Holgorsen’s fingerprints all over program as Year 3 begins
by By Kyle Lovern
MORGANTOWN — Dana Holgorsen has already won a conference title and a BCS bowl and been ranked as high as No. 5 in the national polls in two seasons as West Virginia University’s football coach.
WVU had two receivers and a quarterback drafted in the first three rounds in April, largely because of what they did after Holgorsen landed on campus in December 2010 and took Tavon Austin, Stedman Bailey and Geno Smith under his wing.
Yet there’s no use fighting this feeling on the cusp of the 2013 season: It’s a lot like a fresh start for the third-year coach.
Holgorsen is not making a hasty transition from offensive coordinator to head coach with a staff of defensive coaches he was made to keep. He’s not acquiescing to the Big 12 with a roster of players entirely unaware of what they’re about to encounter beyond the insight Holgorsen gained from nine years spent in the league.
The staff is now composed entirely of his hires, and some of them are coaches he’s needed to hire or reassign after misfiring on a prior decision. The past two recruiting classes have been full ones and the roster has been built to where it’s just below the scholarship limit, somewhere the Mountaineers haven’t been for far too long.
“It’s much more settled, much more my program than it ever has been,” Holgorsen said last week. “I don’t know how to say this without sounding, not arrogant, but optimistic. I don’t want to sound optimistic. I want to sound like the world is coming to an end, the sky is falling, the walls are crashing in on top of us, whatever.
“I want everyone to think that, know what I mean? I want everyone to think we’re lousy.”
He wants that to be the perception - or, more accurately, to continue to be the perception - because it is not the reality. Had it been? Was he not looking over his shoulder to monitor half a coaching staff he didn’t hire and agreed to keep for a season? Wasn’t he sidestepping the issues that come from rolling into a new conference with all the momentum and swagger that a program could want and that an opponent could despise?
And isn’t that all gone?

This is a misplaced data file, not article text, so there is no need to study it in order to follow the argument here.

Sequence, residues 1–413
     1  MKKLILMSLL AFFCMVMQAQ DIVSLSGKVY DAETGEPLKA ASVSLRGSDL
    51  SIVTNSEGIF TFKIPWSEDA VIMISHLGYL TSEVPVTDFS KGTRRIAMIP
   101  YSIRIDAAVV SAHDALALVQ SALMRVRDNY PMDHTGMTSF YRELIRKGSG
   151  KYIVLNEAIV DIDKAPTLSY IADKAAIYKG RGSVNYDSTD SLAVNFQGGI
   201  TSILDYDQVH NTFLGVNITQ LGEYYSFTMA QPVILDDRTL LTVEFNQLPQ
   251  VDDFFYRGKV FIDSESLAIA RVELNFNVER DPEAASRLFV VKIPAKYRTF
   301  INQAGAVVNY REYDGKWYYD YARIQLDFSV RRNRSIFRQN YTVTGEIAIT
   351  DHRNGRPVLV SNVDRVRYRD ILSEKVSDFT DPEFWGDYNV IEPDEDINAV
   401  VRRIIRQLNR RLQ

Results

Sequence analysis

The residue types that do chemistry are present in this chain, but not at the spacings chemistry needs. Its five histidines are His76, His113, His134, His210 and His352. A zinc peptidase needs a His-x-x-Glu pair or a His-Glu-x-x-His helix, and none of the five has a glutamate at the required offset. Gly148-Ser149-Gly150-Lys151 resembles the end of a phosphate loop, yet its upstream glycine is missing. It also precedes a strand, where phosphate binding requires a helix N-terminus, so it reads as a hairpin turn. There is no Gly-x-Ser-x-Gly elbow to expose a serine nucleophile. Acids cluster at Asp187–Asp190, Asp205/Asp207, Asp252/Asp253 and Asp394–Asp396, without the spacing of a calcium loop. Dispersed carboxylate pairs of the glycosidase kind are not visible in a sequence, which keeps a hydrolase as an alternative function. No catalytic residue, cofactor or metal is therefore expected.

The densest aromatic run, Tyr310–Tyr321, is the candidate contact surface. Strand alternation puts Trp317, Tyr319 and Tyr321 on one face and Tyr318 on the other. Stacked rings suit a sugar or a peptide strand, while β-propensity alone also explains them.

“The truth of the matter is I feel pretty good about where we are right now,” he said. “I’m looking forward to coaching this team more than I have the previous two teams.”
Consider that, for just a moment. The 2011 season was his first as a head coach. It started with the most talented team in the Big East and ended with a 10-touchdown performance in the laughable Orange Bowl. The 2012 season started with seemingly sane conversations about Heisman Trophy contenders, Big 12 title legitimacy and national title possibilities.
The 2013 season is like neither of those.
But, it’s the best fit yet.
“It seems like we’ve got a lot more bodies, a lot more seasoned bodies, a lot more potential,” Holgorsen said. “We’re at 82, 83 (scholarship players out of a maximum of 85). The first year, we were under 70. Last year, we were around 76, 77. Numbers-wise, we’re getting a lot closer to where we want to be. Staff-wise, scheme-wise, I really like where we’re at and now we’re ready to start coaching them. We’ll know a lot more here in the next three weeks.”
Holgorsen can’t fly over the staff and scheme makeover quite so quickly because a lot has changed there. Out of nine assistants, only defensive line coach Erik Slaughter is doing exactly what he did last season. Offensive coordinator Shannon Dawson is the only one who was on Holgorsen’s original staff, and Dawson moved from coaching receivers the past two years to coaching quarterbacks this season.